Punishing Poverty

Our Board of “Education” has engineered a reporting system
that rewards the more affluent divisions and penalizes the poorer ones.

We have seen that economically disadvantaged (“ED”) students underperform their more affluent peers (“Not ED”) in terms of pass rates on the SOL tests.  In 2018, that underperformance ranged from 17.43% on the History & Social Science tests to 21.82% on the writing tests.


This places schools and divisions with larger ED populations at an unfair disadvantage with respect to the SOL averages.

Here, to start, is a selection of reading pass rates.


I’ve selected these nine divisions because their ED populations are spaced at about 10% intervals.  (They are, from the left, Falls Church, Powhatan, Arlington, Gloucester, Bath, Dickenson, Roanoke City, Northampton, and Greensville.)  The orange diamonds are the division average reading pass rates of the Not ED students; the green triangles are the ED pass rates. 

The SOL average pass rates are the blue circles.  The divisions with smaller numbers of ED students to drag down that average have higher SOL numbers.  Indeed, the divisions with fewer than 51% ED (the statewide average) enjoy a boost; divisions with more than 51% suffer a penalty.

The extreme examples are Falls Church and Greensville County (which includes Emporia).

Falls Church had the lowest ED numbers in the state, 9%.  The reading pass rate for their Not ED students was 95%; for ED, it was 67% (a 28 point spread; no bragging rights there).  The average of the ED and Not ED averages was 81%, which would have been a fair measure of the performance of both groups.  The division SOL pass rate, however, was 92% because of the small number of EDs.  Falls Church thus enjoyed an eleven point SOL bonus for affluence.

Greensville County was the other end of the scale, 93% ED.  The pass rates were lower: 76% for Not ED, 59% for ED, a seventeen point spread with a 68% average.  But the reported SOL was 61%.  Greensville suffered a 7 point SOL penalty for poverty.

For a more complete view of the situation, here is a graph of division pass rates, Not ED, ED, and SOL, all plotted v. the ED percentage.


The Falls Church points are enlarged and filled with purple; Greensville, maroon; Richmond, gold.

Let’s simplify the picture by looking just at the least squares fitted lines:


The statistics of the fitted lines tell three different stories:

  • ED: The fitted line shows an 0.43% decrease in the ED pass rate for a 10% increase in the ED population but the correlation is minuscule.
  • Not ED: The slope is minus 1.35% for a 10% increase in ED and there is something of a correlation.  It looks like increasing the ED population is mildly related to a decrease in the Not ED rate, but not so much the ED (this kind of data can’t show whether the ED population increase causes part of the Not ED pass rate decrease).
  • The SOL pass rate decreases by 2.77% for a 10% increase in the ED population.  Thirty-five percent is a pretty good correlation and the reason is obvious: Divisions with larger ED populations have more ED (i.e., lower) pass rates included in the average.

The math data tell much the same story.


Here the average of the Falls Church ED/Not ED pass rates is 74% but the small ED population results in an SOL pass rate 13 points higher.  The Greensville SOL reflects a 3 point penalty vs. the ED/Not ED average, which is that small only because the ED and Not ED rates are only seven points apart.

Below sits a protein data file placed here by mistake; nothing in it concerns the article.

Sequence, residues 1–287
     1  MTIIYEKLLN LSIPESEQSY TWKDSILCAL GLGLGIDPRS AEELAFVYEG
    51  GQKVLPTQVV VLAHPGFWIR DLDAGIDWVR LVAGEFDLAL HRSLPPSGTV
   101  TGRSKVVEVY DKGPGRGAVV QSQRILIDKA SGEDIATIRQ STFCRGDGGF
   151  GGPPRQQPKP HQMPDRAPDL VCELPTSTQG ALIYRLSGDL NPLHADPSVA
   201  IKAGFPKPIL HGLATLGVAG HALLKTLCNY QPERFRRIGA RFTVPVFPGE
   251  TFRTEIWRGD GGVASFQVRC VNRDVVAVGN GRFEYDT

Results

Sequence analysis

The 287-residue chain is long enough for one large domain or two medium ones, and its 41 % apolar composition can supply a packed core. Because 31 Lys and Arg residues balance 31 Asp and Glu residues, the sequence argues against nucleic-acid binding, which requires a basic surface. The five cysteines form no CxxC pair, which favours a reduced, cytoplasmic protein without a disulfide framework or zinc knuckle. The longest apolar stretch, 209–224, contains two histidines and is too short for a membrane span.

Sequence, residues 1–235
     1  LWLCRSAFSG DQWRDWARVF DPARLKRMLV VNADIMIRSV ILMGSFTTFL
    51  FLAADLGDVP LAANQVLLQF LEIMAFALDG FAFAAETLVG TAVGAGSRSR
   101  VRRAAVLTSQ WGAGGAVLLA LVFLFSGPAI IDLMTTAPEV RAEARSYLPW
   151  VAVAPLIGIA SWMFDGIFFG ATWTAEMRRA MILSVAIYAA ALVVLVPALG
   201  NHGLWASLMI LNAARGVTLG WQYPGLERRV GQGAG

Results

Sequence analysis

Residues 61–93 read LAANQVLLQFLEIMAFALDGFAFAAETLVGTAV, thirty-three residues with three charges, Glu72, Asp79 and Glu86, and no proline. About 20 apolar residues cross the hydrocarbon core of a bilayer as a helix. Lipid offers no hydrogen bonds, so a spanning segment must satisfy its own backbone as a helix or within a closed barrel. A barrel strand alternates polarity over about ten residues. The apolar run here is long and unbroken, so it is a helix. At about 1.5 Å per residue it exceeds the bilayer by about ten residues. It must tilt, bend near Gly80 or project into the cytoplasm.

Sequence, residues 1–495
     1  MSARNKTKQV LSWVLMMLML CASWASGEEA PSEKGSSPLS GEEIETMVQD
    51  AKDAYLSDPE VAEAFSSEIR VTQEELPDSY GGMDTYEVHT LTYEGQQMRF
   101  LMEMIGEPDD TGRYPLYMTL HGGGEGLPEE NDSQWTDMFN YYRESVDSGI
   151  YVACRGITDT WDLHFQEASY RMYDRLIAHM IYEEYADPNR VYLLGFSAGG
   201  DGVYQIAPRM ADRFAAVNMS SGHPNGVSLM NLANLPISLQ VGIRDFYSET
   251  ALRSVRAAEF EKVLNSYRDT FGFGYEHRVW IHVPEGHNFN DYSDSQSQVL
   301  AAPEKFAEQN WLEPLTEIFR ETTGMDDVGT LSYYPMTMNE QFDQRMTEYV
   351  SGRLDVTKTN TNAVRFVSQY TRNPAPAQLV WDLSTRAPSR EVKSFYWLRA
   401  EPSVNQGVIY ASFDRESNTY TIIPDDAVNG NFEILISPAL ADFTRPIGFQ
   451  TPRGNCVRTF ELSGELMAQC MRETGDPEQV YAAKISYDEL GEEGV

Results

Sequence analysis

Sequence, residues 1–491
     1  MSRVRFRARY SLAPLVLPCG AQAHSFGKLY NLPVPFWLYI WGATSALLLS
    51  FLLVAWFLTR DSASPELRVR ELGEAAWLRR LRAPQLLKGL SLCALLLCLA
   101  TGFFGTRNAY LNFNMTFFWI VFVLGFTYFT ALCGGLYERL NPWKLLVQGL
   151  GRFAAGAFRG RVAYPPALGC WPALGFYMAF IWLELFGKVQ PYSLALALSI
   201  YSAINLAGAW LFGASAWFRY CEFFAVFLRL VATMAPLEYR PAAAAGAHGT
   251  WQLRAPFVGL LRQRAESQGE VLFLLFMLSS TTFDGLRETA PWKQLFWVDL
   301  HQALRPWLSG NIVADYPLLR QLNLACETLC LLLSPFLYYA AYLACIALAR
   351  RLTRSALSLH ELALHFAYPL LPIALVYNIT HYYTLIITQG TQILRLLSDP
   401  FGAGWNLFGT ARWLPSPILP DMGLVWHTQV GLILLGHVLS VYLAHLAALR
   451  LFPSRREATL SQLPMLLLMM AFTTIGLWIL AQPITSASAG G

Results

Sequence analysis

Notice that the Falls Church ED rate again is far below the Not ED, here by 33%, which is double the state average difference.  Either those Falls Church schools are coasting with unusually bright Not ED students, or struggling with unusually low-performing ED students, or doing a poor teaching job with the ED group, or some combination of such factors.


The slopes again show how the SOL average penalizes divisions with large ED populations.  As well, the R-squared for the Not ED group suggests, even more strongly than in the reading data, that increasing the ED population is associated with an effect on the performance of the Not ED group.

We cannot infer from the data why the Board of “Education” would embrace this system that punishes poverty.  We can notice, however, that the system is unfair on its face. 

Indeed, the Board had a fair measure of learning, the SGP, that was independent of poverty.  But the Board abandoned that system on the flimsy excuse that it could not calculate the results until Summer School results were in.  In fact, they knew that when the started calculating the SGP.  As well, they were (and are) perfectly capable of calculating the SGPs in May for the students (and teachers) not involved in Summer School.  Waiting until August merely gives them a chance to camouflage some of the poor performances during the regular school year.

Your tax dollars at “work.”

Here, for the record, is a list of the divisions that received more than a 2% reading SOL boost from the ED/Not ED average in 2018:


And here are those that enjoyed a penalty of 2% or more:


Ah, well, we can make one inference:  If you’re that Board and you’re going to make an enemy, better the Superintendent in Greensville or Colonial Beach than the one in Falls Church or Loudoun.

Still a Scofflaw?

We have seen that Richmond had the lowest secondary attendance in Virginia last year: 88%.  This happened in a context where Richmond earlier was ignoring the requirements of the state law regarding truancy and the Board of “Education” was ignoring its duty to require Richmond to obey that law.

Inquiring mind wants to know whether all that truancy last year was again exacerbated by Richmond’s defiance of the law:

Subject: Records Request
From: John Butcher
Date: 03/03/2017 08:57 AM
To: Angela Lewis — RPS FOIA

Ms. Lewis,

Please share with me the public records of the Richmond School Board that set out the following data for Richmond Public Schools for the 2015-16 school year:

The number of students with five or more unexcused absences;
The number of five absence truancy plans;
The number of students with six or more unexcused absences;